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Parallel plications may enhance surface function: physical properties of transparent tunics in colonial ascidians Clavelina cyclus and C. obesa

Published online by Cambridge University Press:  15 October 2019

Daisuke Sakai
Affiliation:
School of Regional Innovation and Social Design Engineering, Kitami Institute of Technology, Koen-cho, Kitami, Hokkaido 090-8507, Japan
Hiroshi Kakiuchida
Affiliation:
Structural Materials Research Institute, National Institute of Advanced Industrial Science and Technology (AIST), Moriyama, Nagoya, Aichi 463-8560, Japan
Kenji Harada
Affiliation:
School of Regional Innovation and Social Design Engineering, Kitami Institute of Technology, Koen-cho, Kitami, Hokkaido 090-8507, Japan
Jun Nishikawa
Affiliation:
Department of Marine Biology, School of Marine Science and Technology, Tokai University, Orido, Shimizu, Shizuoka 424-8610, Japan
Euichi Hirose
Affiliation:
Faculty of Science, University of the Ryukyus, Nishihara, Okinawa 903-0213, Japan
Corresponding
E-mail address:

Abstract

An array of nano-scale protrusions, called the nipple array, is found on the body surface of various invertebrates, and this structure is believed to decrease light reflectance and water wettability on the surface in the terrestrial environment. However, its potential functions have not been well studied in aquatic environments. Clavelina spp. are colonial ascidians that have the nipple array on their integumentary matrix (i.e. tunic). We examined the physical properties on the surface of the tunic of C. cyclus and C. obesa, such as hardness, wettability and refractive indices, to evaluate the functional importance of this structure. The tunic cuticle of both species was covered with the nipple array, and the cuticle of C. cyclus was bent into folds forming parallel plications. The Clavelina tunic was very soft and had high bubble- and oil-repellency. The refractive-index deviation between the tunic and seawater was 0.07–0.095 for 589-nm light (D-line). Rigorous coupled wave analysis (RCWA) showed that the nipple array slightly reduced reflectance on the surface and the parallel plications reduced the reflectance still more. The nanoimprinted plates imitating the parallel plications have higher bubble repellency and lower reflectance than the flat plates. These findings support the functional importance of the plications as well as the nipple array.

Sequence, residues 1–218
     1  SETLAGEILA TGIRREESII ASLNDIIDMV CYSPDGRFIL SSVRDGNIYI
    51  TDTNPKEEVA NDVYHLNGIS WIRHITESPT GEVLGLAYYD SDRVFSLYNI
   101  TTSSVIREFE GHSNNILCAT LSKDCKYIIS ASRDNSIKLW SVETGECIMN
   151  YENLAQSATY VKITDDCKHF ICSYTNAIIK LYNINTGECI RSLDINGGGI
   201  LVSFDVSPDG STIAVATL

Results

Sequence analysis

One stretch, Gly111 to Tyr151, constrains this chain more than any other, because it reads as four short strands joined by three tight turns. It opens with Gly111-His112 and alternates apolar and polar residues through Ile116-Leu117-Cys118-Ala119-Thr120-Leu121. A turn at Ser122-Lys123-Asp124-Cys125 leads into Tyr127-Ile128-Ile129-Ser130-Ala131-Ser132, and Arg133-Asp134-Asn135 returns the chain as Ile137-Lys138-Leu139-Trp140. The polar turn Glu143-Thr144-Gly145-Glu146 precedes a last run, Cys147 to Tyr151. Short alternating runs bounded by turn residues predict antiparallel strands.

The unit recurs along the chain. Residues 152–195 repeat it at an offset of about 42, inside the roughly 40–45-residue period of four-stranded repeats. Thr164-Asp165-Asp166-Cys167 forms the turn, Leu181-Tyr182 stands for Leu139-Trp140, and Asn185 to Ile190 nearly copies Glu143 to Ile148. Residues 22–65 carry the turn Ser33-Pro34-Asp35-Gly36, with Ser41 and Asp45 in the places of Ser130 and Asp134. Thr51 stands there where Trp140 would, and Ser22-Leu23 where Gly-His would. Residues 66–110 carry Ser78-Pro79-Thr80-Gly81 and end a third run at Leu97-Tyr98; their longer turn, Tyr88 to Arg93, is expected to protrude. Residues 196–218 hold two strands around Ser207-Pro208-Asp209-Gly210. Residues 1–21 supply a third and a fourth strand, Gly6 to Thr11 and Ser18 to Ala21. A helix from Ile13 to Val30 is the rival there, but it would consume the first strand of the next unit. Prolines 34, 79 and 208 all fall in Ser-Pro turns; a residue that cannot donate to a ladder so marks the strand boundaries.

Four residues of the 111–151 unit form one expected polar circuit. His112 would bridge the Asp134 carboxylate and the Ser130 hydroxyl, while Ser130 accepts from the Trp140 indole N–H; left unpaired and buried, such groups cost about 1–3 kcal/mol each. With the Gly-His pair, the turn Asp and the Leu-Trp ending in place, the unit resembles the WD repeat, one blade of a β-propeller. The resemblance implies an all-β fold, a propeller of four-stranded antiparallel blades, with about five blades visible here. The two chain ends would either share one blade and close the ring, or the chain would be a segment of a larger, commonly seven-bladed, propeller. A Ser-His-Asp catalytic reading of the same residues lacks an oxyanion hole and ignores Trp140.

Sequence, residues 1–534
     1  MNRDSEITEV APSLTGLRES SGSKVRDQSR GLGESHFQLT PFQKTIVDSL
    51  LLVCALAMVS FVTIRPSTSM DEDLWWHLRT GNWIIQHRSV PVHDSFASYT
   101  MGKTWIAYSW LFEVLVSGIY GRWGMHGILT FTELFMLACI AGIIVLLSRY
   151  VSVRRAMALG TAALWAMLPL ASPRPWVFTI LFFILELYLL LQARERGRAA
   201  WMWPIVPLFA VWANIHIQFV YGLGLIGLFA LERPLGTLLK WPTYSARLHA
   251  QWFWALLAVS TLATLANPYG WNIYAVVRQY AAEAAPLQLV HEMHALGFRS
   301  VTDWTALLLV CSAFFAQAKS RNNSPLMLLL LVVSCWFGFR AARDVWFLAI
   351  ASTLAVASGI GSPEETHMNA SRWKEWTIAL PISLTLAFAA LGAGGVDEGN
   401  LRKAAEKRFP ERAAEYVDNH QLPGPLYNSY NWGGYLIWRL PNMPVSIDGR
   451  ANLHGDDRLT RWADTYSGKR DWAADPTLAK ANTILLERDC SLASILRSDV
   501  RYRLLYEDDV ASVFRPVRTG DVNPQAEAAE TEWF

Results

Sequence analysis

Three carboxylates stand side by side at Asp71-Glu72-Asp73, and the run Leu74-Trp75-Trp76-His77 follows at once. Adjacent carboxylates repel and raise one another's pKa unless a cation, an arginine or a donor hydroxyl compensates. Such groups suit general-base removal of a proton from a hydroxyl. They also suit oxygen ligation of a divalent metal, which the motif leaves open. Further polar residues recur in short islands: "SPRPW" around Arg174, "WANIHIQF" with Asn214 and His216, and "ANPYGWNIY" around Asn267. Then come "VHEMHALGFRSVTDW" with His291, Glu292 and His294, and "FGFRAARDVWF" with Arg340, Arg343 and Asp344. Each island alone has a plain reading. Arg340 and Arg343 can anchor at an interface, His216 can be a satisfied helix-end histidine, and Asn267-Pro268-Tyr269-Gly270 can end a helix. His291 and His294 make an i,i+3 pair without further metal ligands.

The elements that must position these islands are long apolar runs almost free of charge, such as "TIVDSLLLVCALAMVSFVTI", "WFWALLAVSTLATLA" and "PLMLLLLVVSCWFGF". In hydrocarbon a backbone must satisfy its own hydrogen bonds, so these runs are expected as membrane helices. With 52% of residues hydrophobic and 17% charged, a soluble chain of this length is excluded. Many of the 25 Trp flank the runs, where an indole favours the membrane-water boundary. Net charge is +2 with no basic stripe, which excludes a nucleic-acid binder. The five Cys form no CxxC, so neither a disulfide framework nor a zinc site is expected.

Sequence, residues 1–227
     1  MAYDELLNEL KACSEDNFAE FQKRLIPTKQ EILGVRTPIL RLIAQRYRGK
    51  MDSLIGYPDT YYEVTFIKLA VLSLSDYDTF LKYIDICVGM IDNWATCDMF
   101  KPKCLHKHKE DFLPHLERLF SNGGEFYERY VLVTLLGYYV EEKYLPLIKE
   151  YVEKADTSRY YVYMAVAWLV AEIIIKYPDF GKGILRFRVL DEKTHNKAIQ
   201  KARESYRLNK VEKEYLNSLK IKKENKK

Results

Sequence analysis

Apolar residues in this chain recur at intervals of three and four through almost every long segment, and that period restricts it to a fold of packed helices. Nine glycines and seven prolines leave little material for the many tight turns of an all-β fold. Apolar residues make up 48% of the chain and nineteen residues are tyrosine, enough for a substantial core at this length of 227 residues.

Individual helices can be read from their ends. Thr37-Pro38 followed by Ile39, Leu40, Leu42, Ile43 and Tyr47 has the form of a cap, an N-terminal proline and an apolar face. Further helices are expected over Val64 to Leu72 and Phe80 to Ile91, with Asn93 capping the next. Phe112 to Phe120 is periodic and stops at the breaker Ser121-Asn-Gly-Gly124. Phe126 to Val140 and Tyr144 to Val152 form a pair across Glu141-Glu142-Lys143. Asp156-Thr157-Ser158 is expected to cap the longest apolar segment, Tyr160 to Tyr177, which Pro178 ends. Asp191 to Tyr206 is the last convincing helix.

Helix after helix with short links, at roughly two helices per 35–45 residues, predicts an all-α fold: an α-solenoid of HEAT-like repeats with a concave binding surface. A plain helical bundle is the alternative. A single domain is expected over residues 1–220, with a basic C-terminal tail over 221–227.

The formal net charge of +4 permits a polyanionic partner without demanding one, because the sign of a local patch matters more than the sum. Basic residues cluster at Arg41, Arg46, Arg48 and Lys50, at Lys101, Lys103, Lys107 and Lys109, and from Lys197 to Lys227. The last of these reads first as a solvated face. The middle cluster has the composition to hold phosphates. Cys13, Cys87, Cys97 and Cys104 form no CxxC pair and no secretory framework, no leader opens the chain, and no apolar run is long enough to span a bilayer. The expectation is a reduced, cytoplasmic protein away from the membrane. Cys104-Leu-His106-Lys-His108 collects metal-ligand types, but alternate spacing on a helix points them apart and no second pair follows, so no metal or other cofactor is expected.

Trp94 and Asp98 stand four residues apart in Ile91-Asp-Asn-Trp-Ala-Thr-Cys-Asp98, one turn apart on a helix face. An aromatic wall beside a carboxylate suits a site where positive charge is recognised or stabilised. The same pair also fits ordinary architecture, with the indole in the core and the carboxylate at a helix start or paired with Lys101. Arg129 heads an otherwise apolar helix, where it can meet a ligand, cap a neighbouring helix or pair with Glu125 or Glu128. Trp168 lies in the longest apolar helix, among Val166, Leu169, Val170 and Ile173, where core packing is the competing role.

Type
Research Article
Copyright
Copyright © Marine Biological Association of the United Kingdom 2019 

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Footnotes

*

Authors contributed equally to this study.

References

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Sakai et al. supplementary material

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